I am unaware that LM’s request to PA to keep confidential information provided by Mr and Mrs Critchley was part of any proper procedure.  There is no obligation on a person who is the subject of a complaint to keep confidential information provided to that person in support of allegations made against him or her, and as that is the case, such confidentiality should not be requested. PA protested about it and received no response to his protests. The issue was simply ignored by both BM and CH.

 A person who objects to a request made by RICS during a regulatory investigation is entitled to be told whether and if so on what grounds the original request was justified, or if it was not, why the request was made in the first place. That was also a failing.

My conclusion

 I have identified some service failings in my review of these two linked investigations.

Walter Merricks

5 February 2018

Irony RICS Regulate Professional Standards

RICS did not provide appropriate professional services when seeking to investigate a false and malicious complaint.  If a member acted in such a way, he would be subject to disciplinary proceedings, yet the very people who determine members conduct are not accountable when they fail to achieve professional standards.


In 2017 a Mr and Mrs Critchley made a complaint to the RICS about Philip Antino, alleging that he had not written to their surveyor Mr Marchant, and that Philip Antino had unnecessarily delayed or refused to correspond with Mr Marchant.

For those of you that are familiar with Philip Antino you would know that he is one of the most conscientious and efficient surveyors and always responds to correspondence.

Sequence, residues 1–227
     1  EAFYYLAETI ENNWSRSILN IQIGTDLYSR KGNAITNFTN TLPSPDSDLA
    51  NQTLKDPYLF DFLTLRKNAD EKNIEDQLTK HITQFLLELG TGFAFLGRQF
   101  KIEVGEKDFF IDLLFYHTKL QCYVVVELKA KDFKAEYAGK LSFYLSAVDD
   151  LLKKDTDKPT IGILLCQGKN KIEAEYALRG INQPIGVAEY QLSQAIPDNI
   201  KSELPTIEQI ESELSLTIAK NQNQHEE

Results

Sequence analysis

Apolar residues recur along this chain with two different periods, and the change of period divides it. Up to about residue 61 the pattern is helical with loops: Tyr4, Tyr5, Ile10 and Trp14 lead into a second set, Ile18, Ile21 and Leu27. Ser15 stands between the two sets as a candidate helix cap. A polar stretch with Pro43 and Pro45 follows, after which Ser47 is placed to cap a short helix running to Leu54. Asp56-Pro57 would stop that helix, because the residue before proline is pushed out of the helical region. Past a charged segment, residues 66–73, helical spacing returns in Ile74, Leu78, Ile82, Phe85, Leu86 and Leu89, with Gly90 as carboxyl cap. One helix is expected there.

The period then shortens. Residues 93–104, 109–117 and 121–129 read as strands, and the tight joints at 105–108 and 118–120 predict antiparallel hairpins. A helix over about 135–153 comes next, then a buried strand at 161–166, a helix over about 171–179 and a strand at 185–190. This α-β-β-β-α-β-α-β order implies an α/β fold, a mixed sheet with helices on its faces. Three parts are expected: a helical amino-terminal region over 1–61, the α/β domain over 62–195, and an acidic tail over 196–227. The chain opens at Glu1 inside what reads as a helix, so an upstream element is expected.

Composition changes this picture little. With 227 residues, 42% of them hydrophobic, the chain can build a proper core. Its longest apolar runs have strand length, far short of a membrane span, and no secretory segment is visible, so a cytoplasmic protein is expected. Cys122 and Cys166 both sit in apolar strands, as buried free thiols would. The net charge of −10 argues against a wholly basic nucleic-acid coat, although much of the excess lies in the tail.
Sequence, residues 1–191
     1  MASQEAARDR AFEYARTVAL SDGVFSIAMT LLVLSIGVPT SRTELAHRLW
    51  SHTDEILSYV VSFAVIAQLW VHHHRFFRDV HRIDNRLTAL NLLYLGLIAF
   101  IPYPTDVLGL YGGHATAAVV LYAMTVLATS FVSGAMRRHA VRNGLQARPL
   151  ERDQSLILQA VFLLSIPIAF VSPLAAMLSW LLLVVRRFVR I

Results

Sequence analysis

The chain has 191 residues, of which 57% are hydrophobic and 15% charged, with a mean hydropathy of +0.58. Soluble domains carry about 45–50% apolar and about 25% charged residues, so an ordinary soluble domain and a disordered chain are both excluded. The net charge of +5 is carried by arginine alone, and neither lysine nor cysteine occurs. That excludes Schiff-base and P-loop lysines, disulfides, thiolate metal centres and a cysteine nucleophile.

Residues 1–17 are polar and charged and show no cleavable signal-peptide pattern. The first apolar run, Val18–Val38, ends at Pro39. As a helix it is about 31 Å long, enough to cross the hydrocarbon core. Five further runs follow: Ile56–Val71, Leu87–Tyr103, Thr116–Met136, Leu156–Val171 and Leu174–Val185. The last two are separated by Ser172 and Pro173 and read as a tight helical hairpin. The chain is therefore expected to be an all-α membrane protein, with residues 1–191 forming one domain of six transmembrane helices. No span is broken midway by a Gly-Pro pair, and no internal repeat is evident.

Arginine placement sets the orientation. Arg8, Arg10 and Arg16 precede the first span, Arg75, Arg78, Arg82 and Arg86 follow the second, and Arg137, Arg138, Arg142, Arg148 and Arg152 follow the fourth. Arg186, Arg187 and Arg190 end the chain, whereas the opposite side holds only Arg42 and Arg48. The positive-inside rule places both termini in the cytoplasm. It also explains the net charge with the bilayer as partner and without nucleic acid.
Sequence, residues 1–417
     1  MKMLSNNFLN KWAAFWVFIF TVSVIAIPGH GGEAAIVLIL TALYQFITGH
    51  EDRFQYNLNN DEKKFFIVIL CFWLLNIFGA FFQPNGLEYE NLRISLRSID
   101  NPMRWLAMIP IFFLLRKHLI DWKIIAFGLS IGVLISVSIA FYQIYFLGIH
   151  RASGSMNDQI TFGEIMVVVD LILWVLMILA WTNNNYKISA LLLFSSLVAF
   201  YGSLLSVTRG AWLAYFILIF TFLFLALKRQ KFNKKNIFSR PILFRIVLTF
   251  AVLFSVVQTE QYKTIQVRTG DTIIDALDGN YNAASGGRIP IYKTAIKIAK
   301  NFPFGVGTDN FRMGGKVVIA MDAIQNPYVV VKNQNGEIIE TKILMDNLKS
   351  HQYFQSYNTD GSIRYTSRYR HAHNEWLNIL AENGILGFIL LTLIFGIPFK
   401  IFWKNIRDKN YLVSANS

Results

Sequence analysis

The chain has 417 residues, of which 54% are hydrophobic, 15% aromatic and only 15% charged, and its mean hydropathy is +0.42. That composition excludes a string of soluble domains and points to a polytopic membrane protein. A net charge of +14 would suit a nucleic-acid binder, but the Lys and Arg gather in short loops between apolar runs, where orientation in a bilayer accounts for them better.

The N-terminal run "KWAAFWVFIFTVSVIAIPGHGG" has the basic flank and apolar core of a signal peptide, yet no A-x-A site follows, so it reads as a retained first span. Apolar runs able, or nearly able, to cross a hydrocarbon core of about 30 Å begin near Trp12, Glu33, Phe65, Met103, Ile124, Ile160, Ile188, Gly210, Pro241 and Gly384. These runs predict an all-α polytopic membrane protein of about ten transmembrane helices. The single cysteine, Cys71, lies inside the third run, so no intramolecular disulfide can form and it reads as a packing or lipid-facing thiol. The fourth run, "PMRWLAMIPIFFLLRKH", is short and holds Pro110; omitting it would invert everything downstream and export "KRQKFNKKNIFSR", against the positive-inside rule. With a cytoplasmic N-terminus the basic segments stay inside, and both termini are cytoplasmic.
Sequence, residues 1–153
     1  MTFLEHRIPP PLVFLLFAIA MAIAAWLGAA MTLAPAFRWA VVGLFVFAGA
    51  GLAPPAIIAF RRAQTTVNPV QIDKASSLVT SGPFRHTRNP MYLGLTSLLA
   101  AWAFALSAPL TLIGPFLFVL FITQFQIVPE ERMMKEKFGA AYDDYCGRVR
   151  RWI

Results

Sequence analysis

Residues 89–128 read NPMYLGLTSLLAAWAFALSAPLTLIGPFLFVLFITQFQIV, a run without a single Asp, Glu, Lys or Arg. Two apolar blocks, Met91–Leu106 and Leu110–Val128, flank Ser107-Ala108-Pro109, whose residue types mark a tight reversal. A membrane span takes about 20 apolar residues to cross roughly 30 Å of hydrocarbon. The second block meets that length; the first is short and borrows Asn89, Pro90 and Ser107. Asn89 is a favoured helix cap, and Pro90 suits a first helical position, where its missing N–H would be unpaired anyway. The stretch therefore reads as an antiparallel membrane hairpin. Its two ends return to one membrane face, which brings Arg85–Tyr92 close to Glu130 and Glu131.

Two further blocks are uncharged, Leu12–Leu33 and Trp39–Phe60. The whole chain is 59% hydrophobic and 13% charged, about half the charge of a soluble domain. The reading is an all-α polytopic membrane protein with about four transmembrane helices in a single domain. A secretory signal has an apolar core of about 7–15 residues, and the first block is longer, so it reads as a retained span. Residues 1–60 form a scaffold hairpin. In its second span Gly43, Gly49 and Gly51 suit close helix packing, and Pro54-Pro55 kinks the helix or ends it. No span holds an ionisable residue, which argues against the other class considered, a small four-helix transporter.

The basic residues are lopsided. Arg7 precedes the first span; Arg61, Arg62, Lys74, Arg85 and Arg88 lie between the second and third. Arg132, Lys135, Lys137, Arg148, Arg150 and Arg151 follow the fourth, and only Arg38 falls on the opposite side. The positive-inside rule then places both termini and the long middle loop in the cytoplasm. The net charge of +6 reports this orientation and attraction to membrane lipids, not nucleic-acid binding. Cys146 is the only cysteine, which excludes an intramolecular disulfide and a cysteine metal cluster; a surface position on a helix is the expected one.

The complaint was passed to Mrs Lydia McLeod of the RICS complaints team, Mrs McLeod did nothing other than write to Mr Antino setting out the complaint and alleging various breaches of the RICS rules.

Mrs McLeod did not ask for any proof or corroborating evidence from Mr and Mrs Critchley.  Mr Antino has never written to, corresponded with, spoken to the Critchley’s and only met their surveyor Mr Marchant on one occasion in May 2017, which lasted 6 minutes with Mr Antino’s client ordering Mr Marchant to leave.  There was an agreement that Mr Marchant would be given access to Mr Antino’s clients property for him to take measurements in relation to an allegation by the Critchley’s that the boundary had been moved by Mr Antino’s clients.

Upon receipt of the complaint Mr Antino immediately wrote to Mrs McLeod (by email) asking her to provide any kind of evidence in support of the allegations raised by the Critchley’s.  In Mr Antino’s view Mrs McLeod had been derelict in exercising her duty of care towards Mr Antino by forgetting or simply not asking the Critchley’s for evidence that supported the allegation.

Undeterred she proceeded to write to Mr Antino in the most strictest terms making all sorts of wild accusations that there were grounds for a disciplinary hearing in breach of RICS rules.